- Focus Areas
Pacific researchers and stakeholders at the Pacific Gender Research Workshop held in Suva in June. Photo: Shazia Usman, Pacific Women Support Unit.
June was an exciting month for gender research in the region, as around 50 dynamic Pacific researchers and stakeholders converged at The University of the South Pacific’s (USP) Laucala Campus to advance the gender research capacity-building agenda among Pacific Island Countries.
With support from Pacific Women, the three-day workshop held from 21-23 June, was a collaboration between USP, UN Women, the Fiji Women’s Right Movement (FWRM), the Pacific Islands Forum Secretariat (PIFS), the Pacific Community (SPC) and the Australian Government, through Pacific Women. The opening symposium featured a presentation of the key findings of the Pacific Gender Research Scoping Study, which was conducted by a group of Pacific based researchers led by Dr Yvonne Underhill-Sem, Associate Professor, University of Auckland.
Dr Underhill-Sem emphasised that research plays a valuable role in providing new concepts, ideas and insights into apparently intractable issues which includes gender inequality. She said that building on-going research capacity on gender equality in the Pacific is therefore critical.
“Research-informed policy making is a dynamic but imprecise process in the Pacific. This project created a bibliography of over 400 citations, an annotated bibliography of 135 pieces of research and a literature review of eight areas of concern.”
In his welcoming address, USP Vice-Chancellor and President, Professor Rajesh Chandra said the importance of having enough Pacific Islanders specialising in gender research cannot be emphasised strongly enough.
“The 2012 Pacific Leaders Gender Equality Declaration outlines key commitments that value and recognise the contributions of both genders to the region’s well-being and sustainable development. The implementation of the Declaration also requires trained gender researchers – those with knowledge of the complex local context, together with the skills to undertake competent research required for policy making and assessment. I sincerely hope that this will be the start of more partnerships among our institutions specifically for strengthening gender research among Pacific Island students and scholars,” Professor Chandra stated.
Some of the participants reflected on their participation at the Workshop:
Ms. Jasmine Mohammed, Acting Head of the School of Education, Fiji National University’s Lautoka Education Campus: “[Both] personally and professionally as an academic, it [the Workshop] has been very empowering and inspirational because it has connected me with academics that are very well established; are senior faculty members doing research; and have published extensively in reputable publication outlets. I think in Fiji we need more gender specialist academics – it’s very important for doing our own research and bridging the gap in local gender research. The workshop has also opened up opportunities for future research collaborations”. You can read a longer version of this interview where Ms Mohammed shares about undertaking research on the underrepresentation of women in educational leadership in Fiji, here.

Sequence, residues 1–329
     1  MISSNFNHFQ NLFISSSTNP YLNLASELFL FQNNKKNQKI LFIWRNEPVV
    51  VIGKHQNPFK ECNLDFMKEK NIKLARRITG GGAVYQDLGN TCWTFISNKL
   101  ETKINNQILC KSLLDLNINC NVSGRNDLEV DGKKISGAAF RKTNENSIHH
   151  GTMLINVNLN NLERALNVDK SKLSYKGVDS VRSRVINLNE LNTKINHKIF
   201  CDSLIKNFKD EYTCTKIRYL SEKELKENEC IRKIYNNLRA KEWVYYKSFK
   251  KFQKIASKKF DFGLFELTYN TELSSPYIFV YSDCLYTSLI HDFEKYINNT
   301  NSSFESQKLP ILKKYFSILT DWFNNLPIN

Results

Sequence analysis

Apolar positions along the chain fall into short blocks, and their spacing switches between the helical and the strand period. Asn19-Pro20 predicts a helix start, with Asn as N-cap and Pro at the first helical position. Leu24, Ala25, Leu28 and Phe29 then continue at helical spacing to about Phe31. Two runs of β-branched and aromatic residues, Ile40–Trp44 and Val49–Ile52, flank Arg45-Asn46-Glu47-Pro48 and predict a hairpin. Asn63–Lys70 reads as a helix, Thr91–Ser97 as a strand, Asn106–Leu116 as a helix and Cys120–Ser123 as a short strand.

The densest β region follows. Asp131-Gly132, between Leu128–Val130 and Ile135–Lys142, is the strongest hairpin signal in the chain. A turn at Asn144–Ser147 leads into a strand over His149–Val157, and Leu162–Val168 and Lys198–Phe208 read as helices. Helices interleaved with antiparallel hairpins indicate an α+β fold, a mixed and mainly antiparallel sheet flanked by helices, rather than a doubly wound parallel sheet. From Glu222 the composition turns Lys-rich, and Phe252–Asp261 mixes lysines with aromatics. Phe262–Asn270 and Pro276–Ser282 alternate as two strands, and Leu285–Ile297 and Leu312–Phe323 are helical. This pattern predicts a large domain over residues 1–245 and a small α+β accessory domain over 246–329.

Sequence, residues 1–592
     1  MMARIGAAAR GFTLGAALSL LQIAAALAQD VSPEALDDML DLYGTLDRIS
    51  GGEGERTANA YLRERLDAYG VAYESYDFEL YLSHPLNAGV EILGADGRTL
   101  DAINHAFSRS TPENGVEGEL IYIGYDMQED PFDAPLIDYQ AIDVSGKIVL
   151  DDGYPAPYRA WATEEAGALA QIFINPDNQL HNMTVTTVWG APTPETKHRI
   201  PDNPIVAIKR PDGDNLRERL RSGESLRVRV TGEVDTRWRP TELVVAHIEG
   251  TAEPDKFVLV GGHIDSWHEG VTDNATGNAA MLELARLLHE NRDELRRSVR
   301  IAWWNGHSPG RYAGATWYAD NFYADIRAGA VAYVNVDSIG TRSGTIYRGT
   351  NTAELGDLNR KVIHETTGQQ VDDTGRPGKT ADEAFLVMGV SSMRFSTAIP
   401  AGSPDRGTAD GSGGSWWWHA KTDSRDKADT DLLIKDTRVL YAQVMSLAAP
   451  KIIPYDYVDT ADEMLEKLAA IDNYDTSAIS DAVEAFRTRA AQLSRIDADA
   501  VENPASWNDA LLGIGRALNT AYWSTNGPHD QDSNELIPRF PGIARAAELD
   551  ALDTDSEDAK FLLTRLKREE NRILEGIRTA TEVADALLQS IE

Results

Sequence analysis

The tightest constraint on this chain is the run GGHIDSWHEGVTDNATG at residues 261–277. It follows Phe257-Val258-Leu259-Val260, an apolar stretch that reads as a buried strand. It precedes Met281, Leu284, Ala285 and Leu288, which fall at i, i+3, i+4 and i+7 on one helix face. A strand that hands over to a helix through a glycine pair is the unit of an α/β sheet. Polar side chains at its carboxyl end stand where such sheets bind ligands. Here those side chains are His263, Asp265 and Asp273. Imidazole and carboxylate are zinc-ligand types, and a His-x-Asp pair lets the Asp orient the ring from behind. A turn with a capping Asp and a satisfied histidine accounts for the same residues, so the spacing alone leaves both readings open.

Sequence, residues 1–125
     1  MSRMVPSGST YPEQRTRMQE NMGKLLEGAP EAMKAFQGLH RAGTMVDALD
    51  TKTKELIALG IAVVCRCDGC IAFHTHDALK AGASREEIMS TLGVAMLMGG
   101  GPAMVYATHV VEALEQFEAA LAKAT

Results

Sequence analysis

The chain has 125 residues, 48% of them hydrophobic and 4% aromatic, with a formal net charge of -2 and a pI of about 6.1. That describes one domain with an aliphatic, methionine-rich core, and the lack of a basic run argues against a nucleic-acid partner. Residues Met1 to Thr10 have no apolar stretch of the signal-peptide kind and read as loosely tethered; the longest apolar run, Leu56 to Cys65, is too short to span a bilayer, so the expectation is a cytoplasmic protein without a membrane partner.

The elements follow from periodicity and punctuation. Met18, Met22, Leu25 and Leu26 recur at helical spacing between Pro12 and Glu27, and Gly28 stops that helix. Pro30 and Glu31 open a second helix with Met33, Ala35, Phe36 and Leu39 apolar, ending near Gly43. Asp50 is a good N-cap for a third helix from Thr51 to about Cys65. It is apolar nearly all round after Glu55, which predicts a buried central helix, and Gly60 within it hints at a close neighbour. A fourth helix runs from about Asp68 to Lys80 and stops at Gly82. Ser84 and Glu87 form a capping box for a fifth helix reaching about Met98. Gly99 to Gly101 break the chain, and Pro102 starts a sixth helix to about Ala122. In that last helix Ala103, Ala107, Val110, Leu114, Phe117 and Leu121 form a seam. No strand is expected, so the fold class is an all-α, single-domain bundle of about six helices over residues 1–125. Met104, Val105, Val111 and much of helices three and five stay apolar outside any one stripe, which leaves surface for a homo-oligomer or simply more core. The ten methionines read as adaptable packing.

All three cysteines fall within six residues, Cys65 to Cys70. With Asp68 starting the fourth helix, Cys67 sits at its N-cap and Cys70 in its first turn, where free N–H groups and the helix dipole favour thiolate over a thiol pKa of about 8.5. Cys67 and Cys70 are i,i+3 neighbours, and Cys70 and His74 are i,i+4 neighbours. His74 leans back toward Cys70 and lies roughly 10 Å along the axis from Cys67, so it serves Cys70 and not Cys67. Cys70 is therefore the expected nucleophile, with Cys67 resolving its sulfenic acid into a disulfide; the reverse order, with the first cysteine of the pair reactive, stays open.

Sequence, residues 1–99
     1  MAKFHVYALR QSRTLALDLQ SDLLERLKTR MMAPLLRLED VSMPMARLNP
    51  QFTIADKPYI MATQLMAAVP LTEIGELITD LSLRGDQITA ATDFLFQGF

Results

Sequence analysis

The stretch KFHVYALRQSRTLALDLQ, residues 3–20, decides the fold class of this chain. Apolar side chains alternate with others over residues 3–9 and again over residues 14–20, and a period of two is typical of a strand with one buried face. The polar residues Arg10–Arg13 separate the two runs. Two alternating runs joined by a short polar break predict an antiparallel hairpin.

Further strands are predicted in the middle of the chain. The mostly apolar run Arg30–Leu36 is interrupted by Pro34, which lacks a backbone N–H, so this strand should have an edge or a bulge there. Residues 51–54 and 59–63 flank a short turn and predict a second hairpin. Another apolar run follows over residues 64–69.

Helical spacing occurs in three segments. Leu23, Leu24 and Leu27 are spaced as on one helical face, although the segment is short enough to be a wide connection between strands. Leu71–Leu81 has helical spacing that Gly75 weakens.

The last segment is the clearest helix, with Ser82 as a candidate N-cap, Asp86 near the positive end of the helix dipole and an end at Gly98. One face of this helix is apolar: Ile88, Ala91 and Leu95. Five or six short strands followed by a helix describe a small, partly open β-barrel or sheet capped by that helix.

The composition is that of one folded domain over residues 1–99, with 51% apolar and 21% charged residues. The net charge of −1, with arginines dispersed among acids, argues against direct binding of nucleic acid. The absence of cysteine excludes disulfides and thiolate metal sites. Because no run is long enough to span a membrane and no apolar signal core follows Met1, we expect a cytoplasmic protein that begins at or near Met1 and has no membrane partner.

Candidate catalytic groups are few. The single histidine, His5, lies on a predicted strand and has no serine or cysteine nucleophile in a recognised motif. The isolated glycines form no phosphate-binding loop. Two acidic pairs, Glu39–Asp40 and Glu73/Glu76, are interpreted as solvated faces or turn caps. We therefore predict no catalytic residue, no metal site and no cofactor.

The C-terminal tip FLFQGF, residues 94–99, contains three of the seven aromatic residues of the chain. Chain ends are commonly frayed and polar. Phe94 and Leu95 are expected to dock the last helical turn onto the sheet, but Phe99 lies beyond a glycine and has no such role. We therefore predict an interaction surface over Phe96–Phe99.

Dr Jackie Kauli, Arts Based Development Practitioner and Researcher, University of Goroka and Queensland University of Technology: “It has also been great for us to come and present some of our work at this kind of forum and part of the partnership the Centre for Social and Creative Media has with Queensland University of Technology is also to see how we can expand some of the work we’re doing in the wider Pacific and the use of arts based research approaches. This has provided a forum for us to talk about that and to exchange and get feedback from other people, which has been great.”
Dr Verena Thomas, Research Fellow at Queensland University of Technology: “I learnt so much about what the practitioners and implementing partners are doing and their excitement about using different kinds of new media for research. Seeing the passion for doing new and different things in their own projects was the golden moment for me. It’s interesting also to see and meet Pacific Island women that have been there at the forefront working for women’s causes and rights and to appreciate the foundational work they have done as a Pacific women’s movement for women’s rights. We want to see how we can work with that and continue bringing to the forefront voices of women.”
The workshop consisted of presentations and working sessions and identified concrete actions to take forward the agreed findings and recommendations of the scoping study. Imperative to this is the use of findings to strengthen gender-responsive policy making, development planning and programming. A copy of the Pacific Gender Research Scoping Study, workshop presentations and the full list of studies cited in the bibliography can be accessed here.